I began this book, Blindness, with great anticipation. Many were extolling its virtues. The premise was fascinating: a man sitting at a traffic light suddenly turns blind. It spreads, seemingly communicable. The first to go blind are taken to a mental hospital, quarantined in terrible conditions, while the population outside rapidly succumbs, blindness spreading like a disease.
I stepped into the novel unaware of just how harsh, how inhumane some of the players would be. Things quickly go from bad to worse, think about the entire population of your city, your country, suddenly going blind. What would be the consequences? It is difficult to imagine. But Jose Saramago can and does imagine it, and seemingly quite well. He understands the depths to which people descend, both morally and emotionally. And he understands that this world, an unseeing world, is full of crap. And I mean that literally. There is a copious amount of feces and a copious amount of describing it. Yet it does not detract from the story too much, but is noticeable.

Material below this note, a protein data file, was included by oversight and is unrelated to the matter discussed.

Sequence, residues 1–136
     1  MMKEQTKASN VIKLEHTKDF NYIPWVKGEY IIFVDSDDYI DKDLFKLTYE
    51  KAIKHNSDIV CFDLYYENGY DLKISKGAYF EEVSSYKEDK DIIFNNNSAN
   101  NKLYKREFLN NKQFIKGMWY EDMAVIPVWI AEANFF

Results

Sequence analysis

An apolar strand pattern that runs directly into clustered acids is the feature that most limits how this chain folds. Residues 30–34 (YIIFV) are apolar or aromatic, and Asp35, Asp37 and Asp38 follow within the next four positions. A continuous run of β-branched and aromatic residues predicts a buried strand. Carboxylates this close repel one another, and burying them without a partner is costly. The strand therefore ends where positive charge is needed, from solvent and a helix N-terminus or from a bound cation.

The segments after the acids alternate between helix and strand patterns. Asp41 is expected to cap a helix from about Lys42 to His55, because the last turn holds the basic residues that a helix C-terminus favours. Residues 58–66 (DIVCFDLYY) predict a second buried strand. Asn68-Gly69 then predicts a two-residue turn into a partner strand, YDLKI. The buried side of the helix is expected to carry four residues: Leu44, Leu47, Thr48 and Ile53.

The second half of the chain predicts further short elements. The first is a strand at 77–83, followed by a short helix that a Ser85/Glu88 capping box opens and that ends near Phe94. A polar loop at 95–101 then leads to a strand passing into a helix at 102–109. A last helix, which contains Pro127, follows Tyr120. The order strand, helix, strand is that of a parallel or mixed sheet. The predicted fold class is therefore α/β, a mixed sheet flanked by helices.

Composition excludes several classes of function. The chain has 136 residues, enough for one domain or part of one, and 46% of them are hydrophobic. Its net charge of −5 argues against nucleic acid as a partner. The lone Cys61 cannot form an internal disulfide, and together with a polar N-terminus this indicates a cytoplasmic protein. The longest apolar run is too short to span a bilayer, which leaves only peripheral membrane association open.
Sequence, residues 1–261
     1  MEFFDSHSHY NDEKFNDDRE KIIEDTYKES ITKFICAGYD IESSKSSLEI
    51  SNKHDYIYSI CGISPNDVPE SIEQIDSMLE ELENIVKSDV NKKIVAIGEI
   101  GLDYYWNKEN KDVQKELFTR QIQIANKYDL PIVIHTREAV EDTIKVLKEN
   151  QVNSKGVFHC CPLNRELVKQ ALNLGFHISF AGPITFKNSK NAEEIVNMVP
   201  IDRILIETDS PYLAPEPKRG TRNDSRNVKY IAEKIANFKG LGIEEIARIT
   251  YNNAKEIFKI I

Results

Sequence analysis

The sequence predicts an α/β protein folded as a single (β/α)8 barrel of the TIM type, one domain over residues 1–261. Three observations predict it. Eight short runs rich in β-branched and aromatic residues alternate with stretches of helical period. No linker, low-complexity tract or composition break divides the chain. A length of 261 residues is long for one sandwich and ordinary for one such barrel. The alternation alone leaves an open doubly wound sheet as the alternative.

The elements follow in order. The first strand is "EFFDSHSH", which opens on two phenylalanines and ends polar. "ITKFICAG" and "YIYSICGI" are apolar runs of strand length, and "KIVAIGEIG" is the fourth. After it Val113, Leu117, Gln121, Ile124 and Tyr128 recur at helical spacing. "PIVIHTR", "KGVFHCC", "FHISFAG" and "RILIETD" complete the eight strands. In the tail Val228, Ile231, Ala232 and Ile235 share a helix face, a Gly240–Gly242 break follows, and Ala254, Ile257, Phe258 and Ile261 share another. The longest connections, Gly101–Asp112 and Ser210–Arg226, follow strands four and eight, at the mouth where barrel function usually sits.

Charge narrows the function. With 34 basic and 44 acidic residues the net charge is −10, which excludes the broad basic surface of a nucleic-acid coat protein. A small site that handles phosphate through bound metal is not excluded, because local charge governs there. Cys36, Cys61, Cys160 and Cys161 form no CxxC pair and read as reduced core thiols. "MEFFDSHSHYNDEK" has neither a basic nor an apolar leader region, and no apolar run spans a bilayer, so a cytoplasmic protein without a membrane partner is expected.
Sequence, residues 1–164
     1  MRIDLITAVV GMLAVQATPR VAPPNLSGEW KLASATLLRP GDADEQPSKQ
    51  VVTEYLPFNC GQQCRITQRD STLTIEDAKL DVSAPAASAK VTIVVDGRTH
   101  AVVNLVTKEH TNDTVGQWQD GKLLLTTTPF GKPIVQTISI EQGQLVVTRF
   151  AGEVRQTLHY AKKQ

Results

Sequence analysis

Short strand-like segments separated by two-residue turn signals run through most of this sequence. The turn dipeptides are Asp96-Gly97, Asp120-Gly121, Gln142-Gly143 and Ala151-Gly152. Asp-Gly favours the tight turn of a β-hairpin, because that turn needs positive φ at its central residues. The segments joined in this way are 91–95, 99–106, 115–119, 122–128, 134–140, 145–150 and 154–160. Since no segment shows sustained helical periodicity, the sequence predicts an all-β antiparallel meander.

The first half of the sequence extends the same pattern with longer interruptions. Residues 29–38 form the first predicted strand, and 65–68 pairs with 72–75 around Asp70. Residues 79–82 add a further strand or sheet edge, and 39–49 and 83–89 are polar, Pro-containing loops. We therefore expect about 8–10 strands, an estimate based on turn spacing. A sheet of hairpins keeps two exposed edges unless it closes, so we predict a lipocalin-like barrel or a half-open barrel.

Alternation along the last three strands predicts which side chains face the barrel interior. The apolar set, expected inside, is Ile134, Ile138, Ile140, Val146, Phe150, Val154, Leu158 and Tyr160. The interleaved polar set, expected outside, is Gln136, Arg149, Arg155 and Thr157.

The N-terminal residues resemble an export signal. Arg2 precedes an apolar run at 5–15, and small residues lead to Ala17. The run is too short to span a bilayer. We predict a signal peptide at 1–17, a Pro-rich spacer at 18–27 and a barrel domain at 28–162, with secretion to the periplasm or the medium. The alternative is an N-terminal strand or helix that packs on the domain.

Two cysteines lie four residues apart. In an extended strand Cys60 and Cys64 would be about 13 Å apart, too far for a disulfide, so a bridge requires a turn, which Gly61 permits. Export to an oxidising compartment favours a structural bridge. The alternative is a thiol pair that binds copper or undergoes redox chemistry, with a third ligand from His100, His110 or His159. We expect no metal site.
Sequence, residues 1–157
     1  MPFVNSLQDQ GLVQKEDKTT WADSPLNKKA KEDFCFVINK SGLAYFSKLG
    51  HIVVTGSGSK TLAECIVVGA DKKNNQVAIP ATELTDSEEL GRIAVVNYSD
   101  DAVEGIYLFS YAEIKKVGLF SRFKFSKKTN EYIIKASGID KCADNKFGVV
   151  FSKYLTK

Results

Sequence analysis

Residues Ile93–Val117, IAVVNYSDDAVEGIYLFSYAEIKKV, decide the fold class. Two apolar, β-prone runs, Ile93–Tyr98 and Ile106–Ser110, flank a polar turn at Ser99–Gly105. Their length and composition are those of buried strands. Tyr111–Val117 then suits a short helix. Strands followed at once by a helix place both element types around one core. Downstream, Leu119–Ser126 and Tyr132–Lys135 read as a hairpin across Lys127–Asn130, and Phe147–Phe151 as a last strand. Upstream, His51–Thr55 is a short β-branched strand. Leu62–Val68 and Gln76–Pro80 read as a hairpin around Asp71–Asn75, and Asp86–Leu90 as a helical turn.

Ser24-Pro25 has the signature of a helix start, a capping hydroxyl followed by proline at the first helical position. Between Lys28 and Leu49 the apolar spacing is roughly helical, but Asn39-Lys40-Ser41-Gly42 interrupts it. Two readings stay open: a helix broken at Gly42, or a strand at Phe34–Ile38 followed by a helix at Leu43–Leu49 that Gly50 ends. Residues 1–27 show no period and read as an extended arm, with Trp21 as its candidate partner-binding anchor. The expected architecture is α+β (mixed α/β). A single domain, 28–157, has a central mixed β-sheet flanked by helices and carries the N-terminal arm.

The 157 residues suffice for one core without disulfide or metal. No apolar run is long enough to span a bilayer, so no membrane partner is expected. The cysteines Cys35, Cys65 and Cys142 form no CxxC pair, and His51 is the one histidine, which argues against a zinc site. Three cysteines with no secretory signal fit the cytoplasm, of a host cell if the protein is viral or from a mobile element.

Saramago also has an interesting way of writing. He shuns the use of quotation marks, all dialogue appears within long paragraphs, seperated only by commas, no periods. Capitals are used to denote change from one persons speech to another. Although very different, it is not too difficult to follow.
I enjoyed the book, found it fascinating at times, it began climbing to that pinnacle, the point where a book becomes great, a part of me. But it seemed to fall just short. It never arrived. I reached the last page, the book ending the only way I could see it ending, and then I put it away. I was mildly disappointed, but only because of my great expectations. It never quite reached the elevation, the heights I had hoped. But let that not dissuade you.
Update: I have changed my rating in an effort to be more honest with myself.